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Losing Control in Film 101

For the past few weeks, I've been on hiatus from leading a weekly mindfulness meditation group so that I can complete a Super-8 filmmaking class with the Brooklyn-based filmmaking and teaching collective Mono No Aware. I have a fear of using technical equipment, or rather I should say that I have a fear of using it incorrectly. Writing and comedy have always appealed to me because all I need is a pen, a notebook, and my mouth, which I've always (possibly delusionally) felt like I have a certain amount of control over. I decided that it  might be time to investigate that need for control, and give some of it over to the camera. 

My feeling going into the class was that if the film ended up looking cool, that would be a bonus. This was really about be confronting my fear of learning how to use technical equipment, and my attachment to control. I had been talking in my mindfulness group about the idea of engaging with objects, so why not learn to engage with a camera and the very tactile film that is used to create the images we see on screen?

Author and philosopher Rebecca Solnit spoke once about the human need to engage with objects, and the way our engagement is shifting. We will fixate on a mobile device, and might spend the entire day navigating a digital environment that is very detached from the world of objects. Solnit advocates taking pleasure in solid objects, which includes the act of reading an actual book. So, I wanted to engage with the camera. I've always loved film, and have done some screenwriting, and I felt like learning the ins and outs of the process might help me appreciate it more. 

The Super-8 camera was created for amateur usage, and is fairly simple to use. Still, having to consider focus, zoom, light, and speed was daunting for me. On our shoot day, I went out into the park near my house and just sought to explore the textures of the park. Doing so ended up being a very meditative experience. To be totally externally focused was an experience of selflessness. My typical discursive self-referentiality fell away and I felt like I was granted new eyes.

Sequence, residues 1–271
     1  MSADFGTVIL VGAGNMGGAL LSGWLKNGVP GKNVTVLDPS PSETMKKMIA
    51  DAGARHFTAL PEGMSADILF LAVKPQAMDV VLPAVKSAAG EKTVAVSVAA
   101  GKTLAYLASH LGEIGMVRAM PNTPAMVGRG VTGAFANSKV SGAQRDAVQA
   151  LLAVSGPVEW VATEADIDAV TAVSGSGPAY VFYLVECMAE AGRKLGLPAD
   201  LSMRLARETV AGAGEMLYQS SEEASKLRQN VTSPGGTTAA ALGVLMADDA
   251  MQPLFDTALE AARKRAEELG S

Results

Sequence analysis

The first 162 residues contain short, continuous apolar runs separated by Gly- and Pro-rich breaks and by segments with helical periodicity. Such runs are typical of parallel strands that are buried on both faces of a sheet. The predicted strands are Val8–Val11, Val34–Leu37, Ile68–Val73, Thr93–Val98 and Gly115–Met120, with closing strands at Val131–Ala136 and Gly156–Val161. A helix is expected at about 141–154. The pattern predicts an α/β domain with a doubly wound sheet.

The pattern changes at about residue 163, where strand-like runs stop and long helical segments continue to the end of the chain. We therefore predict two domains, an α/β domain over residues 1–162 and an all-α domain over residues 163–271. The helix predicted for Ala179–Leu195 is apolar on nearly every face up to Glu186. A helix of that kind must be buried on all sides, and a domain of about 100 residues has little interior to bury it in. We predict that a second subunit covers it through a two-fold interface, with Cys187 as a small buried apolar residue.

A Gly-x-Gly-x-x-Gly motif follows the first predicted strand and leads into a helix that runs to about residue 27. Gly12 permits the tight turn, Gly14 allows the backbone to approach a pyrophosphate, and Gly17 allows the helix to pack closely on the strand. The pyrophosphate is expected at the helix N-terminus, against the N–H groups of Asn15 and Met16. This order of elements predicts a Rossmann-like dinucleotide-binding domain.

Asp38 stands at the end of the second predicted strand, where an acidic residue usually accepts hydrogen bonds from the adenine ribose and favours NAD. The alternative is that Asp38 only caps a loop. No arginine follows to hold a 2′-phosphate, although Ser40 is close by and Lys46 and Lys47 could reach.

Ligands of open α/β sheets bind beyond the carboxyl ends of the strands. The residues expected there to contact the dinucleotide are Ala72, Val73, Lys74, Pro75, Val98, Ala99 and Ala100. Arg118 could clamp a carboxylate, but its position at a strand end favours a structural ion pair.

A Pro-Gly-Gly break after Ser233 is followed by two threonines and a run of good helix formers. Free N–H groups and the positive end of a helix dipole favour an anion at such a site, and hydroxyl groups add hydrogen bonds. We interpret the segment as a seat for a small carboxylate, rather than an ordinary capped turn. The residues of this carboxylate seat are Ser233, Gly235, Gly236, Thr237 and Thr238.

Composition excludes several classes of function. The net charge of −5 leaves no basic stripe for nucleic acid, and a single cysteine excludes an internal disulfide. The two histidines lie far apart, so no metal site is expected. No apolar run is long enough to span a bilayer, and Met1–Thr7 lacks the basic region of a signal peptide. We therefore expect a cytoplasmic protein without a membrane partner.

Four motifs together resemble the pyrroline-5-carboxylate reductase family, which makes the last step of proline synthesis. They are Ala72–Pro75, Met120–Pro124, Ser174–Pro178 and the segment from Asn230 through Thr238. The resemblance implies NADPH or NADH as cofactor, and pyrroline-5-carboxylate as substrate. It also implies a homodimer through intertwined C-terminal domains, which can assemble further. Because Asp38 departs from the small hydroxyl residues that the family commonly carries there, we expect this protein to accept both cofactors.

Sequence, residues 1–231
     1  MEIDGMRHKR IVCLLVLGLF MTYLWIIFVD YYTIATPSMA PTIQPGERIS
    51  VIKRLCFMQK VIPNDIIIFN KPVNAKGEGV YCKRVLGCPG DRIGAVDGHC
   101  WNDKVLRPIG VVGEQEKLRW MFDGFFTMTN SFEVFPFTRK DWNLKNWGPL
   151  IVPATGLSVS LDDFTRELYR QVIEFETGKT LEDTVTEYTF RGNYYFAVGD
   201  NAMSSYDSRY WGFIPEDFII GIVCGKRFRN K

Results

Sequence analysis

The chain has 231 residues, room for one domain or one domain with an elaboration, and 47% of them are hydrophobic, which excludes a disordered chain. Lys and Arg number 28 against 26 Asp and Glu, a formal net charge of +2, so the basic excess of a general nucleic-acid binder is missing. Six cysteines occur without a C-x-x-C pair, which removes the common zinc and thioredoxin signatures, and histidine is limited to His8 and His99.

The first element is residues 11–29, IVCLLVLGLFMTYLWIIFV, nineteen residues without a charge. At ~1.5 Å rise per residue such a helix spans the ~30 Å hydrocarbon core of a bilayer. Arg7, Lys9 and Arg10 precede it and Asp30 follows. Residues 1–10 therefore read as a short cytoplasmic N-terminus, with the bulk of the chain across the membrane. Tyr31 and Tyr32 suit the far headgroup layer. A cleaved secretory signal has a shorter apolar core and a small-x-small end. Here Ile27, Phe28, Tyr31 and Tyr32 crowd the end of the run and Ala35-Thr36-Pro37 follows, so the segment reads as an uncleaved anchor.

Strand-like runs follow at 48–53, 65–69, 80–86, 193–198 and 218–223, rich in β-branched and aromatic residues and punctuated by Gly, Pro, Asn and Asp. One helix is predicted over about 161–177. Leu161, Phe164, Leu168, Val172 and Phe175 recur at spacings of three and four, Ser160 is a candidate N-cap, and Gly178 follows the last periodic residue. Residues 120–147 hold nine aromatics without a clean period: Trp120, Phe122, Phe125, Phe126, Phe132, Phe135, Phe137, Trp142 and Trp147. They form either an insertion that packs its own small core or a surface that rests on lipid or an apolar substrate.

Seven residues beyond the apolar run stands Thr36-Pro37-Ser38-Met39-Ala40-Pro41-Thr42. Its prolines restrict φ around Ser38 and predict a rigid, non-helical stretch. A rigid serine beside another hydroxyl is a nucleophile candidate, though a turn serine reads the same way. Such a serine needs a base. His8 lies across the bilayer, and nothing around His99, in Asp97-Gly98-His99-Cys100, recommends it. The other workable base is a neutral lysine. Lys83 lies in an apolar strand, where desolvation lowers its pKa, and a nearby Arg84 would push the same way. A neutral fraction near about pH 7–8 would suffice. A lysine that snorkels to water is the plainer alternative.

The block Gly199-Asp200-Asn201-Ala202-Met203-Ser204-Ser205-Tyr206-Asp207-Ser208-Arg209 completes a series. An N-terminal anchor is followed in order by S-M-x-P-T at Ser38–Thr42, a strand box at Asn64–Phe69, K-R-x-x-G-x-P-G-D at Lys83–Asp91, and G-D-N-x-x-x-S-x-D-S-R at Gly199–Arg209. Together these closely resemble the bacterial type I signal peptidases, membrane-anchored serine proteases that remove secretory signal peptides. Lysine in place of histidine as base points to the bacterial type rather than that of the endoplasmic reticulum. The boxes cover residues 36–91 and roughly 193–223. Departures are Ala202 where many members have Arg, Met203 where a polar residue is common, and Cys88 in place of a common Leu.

We're now in the midst of the editing process. It's a very tactile process that includes literally cutting the film apart and taping it together. It reminds me of the way we are constantly editing our experience to create stories in our mind about what's happening 'out there.' IDP founder and teacher Ethan Nichtern talks about how our mind is actually like a projector, projecting this film we've edited in our head out onto the world. So we think that's how it is 'out there,' but really we're projecting our created narrative and taking it to be 'real.'

In a few weeks I'll have a finished product to show you. Hopefully all these words and all this process will add up to something visually interesting, though I'm learning to let go of the hope for a specific fruition. 

Below is a beautiful film by director Jonas Mekas, someone I looked to for inspiration while taking this class. 

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